The Occupational Safety and Health Administration is the U.S. government agency responsible for assuring safe and healthful working conditions by setting and enforcing standards and providing training, outreach, education and assistance. OSHA establishes the guidelines that companies must follow when training and certifying forklift operators. The training must consist of both classroom instruction and actual operation, and must educate trainees about the potential hazards involved.
While OSHA provides guidelines, the person who conducts the training usually is an employee of the company for which you'll be driving a forklift. Employees hired after Dec. 1, 1999, must be trained before being assigned to operate a forklift. This typically begins in a lecture environment, where the trainee is acquainted with the specific vehicle and given an overview of its safe operation.
Practical training occurs once the trainee is familiar with the overall operation of the forklift. The trainee may be allowed to maneuver the vehicle around the workplace and learn how to properly operate it in a safe and productive manner. Topics covered include operating instructions, warnings and precautions for the specific type of vehicle used, and attachment adaptation and operation.
Once the trainee is comfortable handling a forklift, evaluation is performed by the trainer. At this point the trainee will be expected to operate and maneuver the forklift in a safe manner as directed. This includes being able to identify any adverse surface conditions or other hazards and to safely maneuver through or around them.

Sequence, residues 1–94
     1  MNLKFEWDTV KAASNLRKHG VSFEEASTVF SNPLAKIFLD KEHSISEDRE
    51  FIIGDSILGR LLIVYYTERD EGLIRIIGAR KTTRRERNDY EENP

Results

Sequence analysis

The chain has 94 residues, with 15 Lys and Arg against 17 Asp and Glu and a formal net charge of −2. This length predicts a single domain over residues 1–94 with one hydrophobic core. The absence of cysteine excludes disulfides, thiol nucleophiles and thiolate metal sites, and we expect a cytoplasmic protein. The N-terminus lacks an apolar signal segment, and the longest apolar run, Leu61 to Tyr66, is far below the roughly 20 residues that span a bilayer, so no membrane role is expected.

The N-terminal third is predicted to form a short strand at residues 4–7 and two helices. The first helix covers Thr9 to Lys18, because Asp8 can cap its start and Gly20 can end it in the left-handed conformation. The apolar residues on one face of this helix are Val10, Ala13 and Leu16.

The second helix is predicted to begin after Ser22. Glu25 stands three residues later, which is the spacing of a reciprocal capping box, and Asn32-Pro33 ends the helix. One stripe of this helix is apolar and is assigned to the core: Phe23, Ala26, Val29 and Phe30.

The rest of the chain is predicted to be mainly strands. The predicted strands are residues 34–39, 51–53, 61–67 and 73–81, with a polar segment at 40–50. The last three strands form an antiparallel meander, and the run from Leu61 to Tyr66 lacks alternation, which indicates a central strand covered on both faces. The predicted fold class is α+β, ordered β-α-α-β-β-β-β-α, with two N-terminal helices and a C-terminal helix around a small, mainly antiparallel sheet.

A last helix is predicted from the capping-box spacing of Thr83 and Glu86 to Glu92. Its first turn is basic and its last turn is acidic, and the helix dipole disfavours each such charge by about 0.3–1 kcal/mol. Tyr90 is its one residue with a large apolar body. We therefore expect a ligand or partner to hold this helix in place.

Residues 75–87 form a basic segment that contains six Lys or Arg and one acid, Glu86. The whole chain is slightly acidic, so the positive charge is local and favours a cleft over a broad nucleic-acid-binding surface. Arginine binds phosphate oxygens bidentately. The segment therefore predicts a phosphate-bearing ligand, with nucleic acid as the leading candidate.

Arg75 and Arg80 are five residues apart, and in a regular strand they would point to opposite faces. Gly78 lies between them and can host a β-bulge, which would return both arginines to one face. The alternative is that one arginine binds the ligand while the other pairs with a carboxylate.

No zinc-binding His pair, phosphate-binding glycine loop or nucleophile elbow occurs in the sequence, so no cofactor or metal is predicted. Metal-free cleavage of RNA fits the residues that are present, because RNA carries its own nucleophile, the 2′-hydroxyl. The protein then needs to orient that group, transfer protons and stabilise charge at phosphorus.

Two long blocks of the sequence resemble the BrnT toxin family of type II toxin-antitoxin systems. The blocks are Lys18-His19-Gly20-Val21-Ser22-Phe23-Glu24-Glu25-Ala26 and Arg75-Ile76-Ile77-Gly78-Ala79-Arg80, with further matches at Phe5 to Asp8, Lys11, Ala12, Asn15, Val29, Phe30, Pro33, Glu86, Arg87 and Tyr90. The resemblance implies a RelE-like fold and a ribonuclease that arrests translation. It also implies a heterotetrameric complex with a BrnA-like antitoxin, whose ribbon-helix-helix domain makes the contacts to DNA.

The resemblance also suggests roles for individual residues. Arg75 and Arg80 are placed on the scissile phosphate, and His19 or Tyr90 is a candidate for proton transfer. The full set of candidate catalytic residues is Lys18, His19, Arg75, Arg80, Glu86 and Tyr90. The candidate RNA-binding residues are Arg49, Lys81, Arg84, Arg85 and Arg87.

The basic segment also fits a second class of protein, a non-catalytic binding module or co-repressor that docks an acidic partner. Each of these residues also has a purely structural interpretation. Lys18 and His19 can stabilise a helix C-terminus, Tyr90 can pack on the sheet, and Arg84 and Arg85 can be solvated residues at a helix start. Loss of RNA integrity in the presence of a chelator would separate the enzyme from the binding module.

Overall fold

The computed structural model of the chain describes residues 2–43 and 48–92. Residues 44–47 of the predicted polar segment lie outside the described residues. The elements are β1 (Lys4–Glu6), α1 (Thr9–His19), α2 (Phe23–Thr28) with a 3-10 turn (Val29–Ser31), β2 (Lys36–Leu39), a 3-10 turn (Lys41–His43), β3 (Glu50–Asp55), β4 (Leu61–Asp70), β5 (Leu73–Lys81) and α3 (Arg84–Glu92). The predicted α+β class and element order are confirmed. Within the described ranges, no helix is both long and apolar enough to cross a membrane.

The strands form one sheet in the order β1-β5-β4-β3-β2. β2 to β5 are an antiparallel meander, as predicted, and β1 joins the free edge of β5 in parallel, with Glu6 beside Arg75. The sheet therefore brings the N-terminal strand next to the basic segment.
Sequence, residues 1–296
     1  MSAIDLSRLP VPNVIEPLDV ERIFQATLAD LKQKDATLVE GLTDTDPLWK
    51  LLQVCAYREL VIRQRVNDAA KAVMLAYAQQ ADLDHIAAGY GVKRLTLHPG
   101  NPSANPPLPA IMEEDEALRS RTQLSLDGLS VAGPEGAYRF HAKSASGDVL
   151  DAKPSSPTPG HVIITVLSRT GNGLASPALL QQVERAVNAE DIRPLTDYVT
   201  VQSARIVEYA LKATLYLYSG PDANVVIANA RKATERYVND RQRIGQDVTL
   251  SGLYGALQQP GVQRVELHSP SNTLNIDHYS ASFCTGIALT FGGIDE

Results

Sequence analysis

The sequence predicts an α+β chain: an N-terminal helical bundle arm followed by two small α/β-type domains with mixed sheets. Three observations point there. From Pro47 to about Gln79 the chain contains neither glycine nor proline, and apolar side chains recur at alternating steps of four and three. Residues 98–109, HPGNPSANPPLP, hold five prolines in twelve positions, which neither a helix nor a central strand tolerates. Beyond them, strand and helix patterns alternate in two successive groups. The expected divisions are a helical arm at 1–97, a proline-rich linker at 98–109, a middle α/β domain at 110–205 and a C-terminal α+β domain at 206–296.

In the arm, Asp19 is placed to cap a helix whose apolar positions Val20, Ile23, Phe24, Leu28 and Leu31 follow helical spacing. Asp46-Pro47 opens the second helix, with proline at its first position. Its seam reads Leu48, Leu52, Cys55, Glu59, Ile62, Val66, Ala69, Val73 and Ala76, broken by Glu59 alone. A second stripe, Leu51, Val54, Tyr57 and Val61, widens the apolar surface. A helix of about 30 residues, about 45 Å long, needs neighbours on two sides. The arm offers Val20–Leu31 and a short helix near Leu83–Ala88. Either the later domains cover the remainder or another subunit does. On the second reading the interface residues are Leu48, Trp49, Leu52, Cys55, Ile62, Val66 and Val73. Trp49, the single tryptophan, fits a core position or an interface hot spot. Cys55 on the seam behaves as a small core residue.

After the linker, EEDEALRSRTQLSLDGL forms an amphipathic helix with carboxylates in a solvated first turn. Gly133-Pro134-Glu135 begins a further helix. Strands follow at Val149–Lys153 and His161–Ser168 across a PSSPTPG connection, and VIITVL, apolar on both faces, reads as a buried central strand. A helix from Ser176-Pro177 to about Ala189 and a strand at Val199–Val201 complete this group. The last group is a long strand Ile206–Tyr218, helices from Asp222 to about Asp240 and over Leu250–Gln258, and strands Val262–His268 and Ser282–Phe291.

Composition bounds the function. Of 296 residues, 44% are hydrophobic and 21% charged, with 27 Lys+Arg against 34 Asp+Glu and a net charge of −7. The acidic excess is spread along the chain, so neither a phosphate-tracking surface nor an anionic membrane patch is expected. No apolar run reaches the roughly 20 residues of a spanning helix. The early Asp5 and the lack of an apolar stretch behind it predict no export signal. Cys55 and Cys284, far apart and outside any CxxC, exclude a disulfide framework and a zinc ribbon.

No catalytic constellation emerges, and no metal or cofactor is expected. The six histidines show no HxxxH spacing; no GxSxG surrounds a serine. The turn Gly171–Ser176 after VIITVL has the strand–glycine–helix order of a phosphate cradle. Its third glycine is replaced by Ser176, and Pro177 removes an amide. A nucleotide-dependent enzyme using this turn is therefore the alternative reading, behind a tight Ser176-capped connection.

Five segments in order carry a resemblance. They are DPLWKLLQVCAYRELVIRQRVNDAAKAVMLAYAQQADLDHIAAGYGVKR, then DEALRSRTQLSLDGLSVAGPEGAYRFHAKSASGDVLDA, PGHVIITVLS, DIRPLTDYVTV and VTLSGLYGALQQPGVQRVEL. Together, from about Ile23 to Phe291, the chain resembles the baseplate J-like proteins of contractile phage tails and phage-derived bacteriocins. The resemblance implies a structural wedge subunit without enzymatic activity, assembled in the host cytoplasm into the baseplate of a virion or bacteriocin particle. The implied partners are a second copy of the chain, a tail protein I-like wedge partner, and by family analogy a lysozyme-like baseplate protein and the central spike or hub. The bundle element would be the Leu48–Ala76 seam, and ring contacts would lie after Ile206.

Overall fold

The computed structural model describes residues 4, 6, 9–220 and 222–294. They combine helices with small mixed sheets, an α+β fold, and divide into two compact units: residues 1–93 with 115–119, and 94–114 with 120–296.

Upon successful completion of training, you are deemed qualified to operate the forklift in your specific place of employment. Subsequent evaluations are administered after any refresher training is conducted and at a minimum of once every three years.
For those not currently employed but who would still like to become OSHA-certified forklift operators, several licensed driving schools offer the same type of training and evaluation. Classes typically last three to five days and lead to OSHA certification.The costs associated with these private classes vary.
- United States Department of Labor: About OSHA
- United States Department of Labor: OSHA: Compliance Assistance for the Powered Industrial Truck Operator Training Standards
- United States Department of Labor: OSHA: Powered Industrial Trucks
- All State Commercial Driver Training: Forklift Training CDL School
- Photo Credit Dmitry Kalinovsky/Hemera/Getty Images
How to Become an OSHA Certified Forklift Trainer
The U.S. Department of Labor Occupational Safety & Health Administration or OSHA has passed a requirement that all employers train forklift operators...
Does OSHA Require a Forklift Trainer to Be Certified?
The Occupational Safety and Health Administration, otherwise known as OSHA, is a federal agency enforced by the U.S. Department of Labor to...
OSHA Requirements for Forklift Operations
The Occupational Safety and Health Association (OSHA) governs all regulations pertaining to workplace practices that present potential threats to the safety and...
OSHA Forklift Rules
The Occupational Safety and Health Administration is in charge of creating safety regulations in the workplace. Forklifts are effective machines, but fatal...
Aerial Lift Training Requirements
The Occupational Safety and Health Administration (OSHA) has certain training requirement for employees that work off of aerial lifts, as well as...